Imagine a sudden network outage after upgrading one of your core network devices. This is a scenario that we would like to avoid at all costs. Yet, we still don’t always utilize the right tools in order to avoid these scenarios and we still rely on manual testing after upgrading our devices. In this blog, we are going to show how we can use Genie and pyATS to do automated testing on your networks.
What is pyATS?
You must know it by now, but the first rule of pyATS is that it pronounced as py-A-T-S. It stands for Python Automated Test Systems and was originally developed for internal Cisco engineering use, but it was later made available for the public. Now, thousands of network engineers are using it worldwide and we have a large community contributing to it. The pyATS solution is modular like Lego blocks and it has multiple layers:
- The original pyATS framework, which serves as the foundation
- The Genie Library framework, which is a standard open-source, platform/vendor agnostic library system
- XPRESSO, a web dashboard to manage your test suites, testbeds, test results and their insights
- Multiple bindings to other frameworks in the form of libraries, extensions,
plugins and APIs.
What is Genie?
Every network engineer must be familiar with the CLI. While it is easy to read for humans, it is unfortunately not so easy to read for computers. Instead, computers prefer formats such as JSON and Genie helps us accomplish that: it parses CLI output into JSON output, which allows us to easily compare one output with the other. In automated testing, it is essential that we can easily compare the output before and after a change.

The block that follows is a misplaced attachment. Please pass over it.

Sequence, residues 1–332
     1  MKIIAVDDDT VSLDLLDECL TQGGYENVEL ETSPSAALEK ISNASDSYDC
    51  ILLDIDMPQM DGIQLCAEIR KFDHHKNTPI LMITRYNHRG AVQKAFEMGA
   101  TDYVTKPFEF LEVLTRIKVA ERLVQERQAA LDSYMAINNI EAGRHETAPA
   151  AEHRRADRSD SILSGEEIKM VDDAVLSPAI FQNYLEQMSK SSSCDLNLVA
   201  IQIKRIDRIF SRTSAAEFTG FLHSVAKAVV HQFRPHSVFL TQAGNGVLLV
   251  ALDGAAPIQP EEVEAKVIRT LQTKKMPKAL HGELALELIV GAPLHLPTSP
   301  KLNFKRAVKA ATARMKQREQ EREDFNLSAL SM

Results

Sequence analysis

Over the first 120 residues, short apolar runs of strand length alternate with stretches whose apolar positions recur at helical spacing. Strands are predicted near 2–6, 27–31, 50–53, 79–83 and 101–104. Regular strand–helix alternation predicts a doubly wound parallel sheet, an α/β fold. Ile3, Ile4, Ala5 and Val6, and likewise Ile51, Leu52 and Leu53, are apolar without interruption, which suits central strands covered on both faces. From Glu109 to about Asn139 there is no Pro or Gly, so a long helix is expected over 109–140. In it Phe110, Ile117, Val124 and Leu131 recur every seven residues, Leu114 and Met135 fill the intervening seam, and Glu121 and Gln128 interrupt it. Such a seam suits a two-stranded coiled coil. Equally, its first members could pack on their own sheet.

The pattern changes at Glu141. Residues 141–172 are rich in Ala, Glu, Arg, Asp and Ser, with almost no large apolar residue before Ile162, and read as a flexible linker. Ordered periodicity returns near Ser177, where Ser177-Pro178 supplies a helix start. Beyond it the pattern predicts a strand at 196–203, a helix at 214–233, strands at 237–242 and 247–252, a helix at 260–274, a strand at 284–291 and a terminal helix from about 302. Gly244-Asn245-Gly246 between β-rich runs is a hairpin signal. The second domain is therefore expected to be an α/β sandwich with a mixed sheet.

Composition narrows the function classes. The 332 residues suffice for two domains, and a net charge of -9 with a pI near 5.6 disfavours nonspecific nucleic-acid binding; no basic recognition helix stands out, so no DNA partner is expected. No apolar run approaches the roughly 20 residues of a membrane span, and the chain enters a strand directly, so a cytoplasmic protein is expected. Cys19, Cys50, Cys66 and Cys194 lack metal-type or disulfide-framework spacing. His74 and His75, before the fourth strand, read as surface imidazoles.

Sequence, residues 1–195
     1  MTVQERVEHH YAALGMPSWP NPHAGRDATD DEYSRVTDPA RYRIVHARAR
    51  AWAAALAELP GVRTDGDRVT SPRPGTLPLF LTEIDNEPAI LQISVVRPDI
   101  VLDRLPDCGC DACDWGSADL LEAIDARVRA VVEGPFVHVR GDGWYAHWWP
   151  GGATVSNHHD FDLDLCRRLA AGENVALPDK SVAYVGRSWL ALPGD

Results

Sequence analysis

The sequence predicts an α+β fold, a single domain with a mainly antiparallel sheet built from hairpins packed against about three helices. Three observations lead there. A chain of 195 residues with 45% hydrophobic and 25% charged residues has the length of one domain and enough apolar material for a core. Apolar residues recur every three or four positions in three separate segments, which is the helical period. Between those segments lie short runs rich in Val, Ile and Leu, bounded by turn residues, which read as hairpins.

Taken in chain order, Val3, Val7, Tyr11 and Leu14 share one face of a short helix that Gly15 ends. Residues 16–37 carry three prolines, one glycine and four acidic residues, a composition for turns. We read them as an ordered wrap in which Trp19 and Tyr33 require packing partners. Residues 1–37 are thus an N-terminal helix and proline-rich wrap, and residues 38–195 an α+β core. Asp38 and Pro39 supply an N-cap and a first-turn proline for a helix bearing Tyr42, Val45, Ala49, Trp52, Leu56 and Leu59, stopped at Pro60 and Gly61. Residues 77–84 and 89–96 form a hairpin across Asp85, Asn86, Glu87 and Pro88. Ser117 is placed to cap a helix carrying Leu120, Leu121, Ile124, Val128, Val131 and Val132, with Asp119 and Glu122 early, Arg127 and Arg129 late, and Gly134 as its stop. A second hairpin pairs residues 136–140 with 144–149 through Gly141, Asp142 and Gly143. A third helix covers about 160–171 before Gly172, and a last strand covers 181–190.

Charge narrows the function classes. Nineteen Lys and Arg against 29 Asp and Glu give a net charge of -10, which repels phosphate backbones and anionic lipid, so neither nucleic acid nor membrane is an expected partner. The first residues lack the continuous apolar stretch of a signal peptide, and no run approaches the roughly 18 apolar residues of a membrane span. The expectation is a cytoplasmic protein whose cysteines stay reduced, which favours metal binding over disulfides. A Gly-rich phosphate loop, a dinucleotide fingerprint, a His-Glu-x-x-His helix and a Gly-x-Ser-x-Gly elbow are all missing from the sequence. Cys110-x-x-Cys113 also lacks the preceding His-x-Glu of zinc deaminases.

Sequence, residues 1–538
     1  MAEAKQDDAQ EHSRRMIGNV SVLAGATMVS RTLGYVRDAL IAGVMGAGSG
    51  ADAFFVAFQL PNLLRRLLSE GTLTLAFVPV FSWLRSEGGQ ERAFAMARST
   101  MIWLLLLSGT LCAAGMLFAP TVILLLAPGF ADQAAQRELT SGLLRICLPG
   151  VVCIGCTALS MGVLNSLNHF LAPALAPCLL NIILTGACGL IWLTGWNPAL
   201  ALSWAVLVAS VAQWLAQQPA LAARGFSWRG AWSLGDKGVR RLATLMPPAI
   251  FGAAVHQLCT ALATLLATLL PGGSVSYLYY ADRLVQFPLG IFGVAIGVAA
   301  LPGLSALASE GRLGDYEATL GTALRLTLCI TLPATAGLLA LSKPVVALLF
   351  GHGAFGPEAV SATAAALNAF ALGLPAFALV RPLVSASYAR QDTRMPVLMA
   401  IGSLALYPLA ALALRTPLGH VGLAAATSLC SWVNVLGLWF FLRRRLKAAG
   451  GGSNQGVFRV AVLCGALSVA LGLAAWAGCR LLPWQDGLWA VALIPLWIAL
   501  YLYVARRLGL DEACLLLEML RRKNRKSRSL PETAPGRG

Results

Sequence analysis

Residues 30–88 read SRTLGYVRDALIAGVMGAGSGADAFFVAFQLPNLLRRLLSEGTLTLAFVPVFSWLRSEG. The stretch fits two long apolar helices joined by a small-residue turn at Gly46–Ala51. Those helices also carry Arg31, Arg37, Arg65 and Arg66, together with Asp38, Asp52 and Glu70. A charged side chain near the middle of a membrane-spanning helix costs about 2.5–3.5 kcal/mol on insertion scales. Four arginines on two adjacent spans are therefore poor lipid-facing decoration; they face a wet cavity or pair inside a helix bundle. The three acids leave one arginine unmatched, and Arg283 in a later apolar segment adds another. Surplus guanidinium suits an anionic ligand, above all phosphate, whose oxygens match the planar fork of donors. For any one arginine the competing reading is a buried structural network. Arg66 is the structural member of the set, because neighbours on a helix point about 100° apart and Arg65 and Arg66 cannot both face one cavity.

Workflow of the use case
For this use case, we have three steps. In the first step, we take a snapshot of the topology, which will serve as our baseline. We take a snapshot by parsing a set of commands and storing the output in JSON format. In the environment variables, we can specify the commands that we would like to test, for example:
core_commands = [ "show ip arp", "show ip interface brief", "show mac address-table", "show version", "show inventory", "show running-config", "show boot", "show ip route", "show ip ospf neighbor", "show ip bgp summary", "show ip bgp neighbors", "show ip ospf database" ]
In the second step, we perform the changes on our devices, e.g., upgrading the firmware or making a simple configuration change.
In the third and final step, we take another snapshot of our topology. Again, we will parse the commands and the output will be available in a JSON format, which allows us to easily compare the output with the baseline output. Using pyATS, we can define our own criteria for passing or failing the tests. In this use case, we have defined two testcases:
- In the first testcase, we wanted to make sure that the configuration before and after are identical. In case there are any differences, then the test fails and the user will be notified
- In the second testcase, we actually perform a change and we want to make sure afterwards that the change was successful. We can parse the output and validate that the desired state has been reached. In case it has not, then the test fails and the user will be notified
After each test, a report will be generated and this report can be viewed in the UI of pyATS. Moreover, the UI will have an archive of past tests, which allows you to easily compare different tests with each other.
What can we achieve with pyATS?
With this use case we have shown how to leverage pyATS for automated testing, which will reduce errors and bugs in production environments. Moreover, it will give us the following benefits:
- Consistent test coverage and insightful reports
- Give time back to the engineers: they can focus on the failed test cases, instead of performing manual testing
- Reduction in human errors: manual testing is very error-prone
Want to learn more?
- Check out the Github repository on DevNet Code Exchange!
- Visit the pyATS and Genie DevNet Dev Center
This PoV was conducted together with Systems Architect Charles van Iersel
and Customer Delivery Architect Joep Remkes
We’d love to hear what you think. Ask a question or leave a comment below.
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